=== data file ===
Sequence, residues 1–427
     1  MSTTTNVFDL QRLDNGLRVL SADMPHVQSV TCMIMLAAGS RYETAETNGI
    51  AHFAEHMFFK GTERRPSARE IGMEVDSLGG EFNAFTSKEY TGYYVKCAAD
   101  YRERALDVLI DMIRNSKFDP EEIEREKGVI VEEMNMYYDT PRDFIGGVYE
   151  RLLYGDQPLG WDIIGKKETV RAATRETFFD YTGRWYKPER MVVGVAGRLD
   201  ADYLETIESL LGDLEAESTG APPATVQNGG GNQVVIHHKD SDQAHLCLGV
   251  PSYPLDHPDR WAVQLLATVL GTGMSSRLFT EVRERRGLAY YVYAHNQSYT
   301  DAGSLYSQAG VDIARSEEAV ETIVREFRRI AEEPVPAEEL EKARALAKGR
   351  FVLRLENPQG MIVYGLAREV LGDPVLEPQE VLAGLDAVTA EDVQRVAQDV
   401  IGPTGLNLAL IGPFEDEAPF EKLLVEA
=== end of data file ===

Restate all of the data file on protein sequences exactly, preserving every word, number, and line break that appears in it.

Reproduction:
Sequence, residues 1–427
     1  MSTTTNVFDL QRLDNGLRVL SADMPHVQSV TCMIMLAAGS RYETAETNGI
    51  AHFAEHMFFK GTERRPSARE IGMEVDSLGG EFNAFTSKEY TGYYVKCAAD
   101  YRERALDVLI DMIRNSKFDP EEIEREKGVI VEEMNMYYDT PRDFIGGVYE
   151  RLLYGDQPLG WDIIGKKETV RAATRETFFD YTGRWYKPER MVVGVAGRLD
   201  ADYLETIESL LGDLEAESTG APPATVQNGG GNQVVIHHKD SDQAHLCLGV
   251  PSYPLDHPDR WAVQLLATVL GTGMSSRLFT EVRERRGLAY YVYAHNQSYT
   301  DAGSLYSQAG VDIARSEEAV ETIVREFRRI AEEPVPAEEL EKARALAKGR
   351  FVLRLENPQG MIVYGLAREV LGDPVLEPQE VLAGLDAVTA EDVQRVAQDV
   401  IGPTGLNLAL IGPFEDEAPF EKLLVEA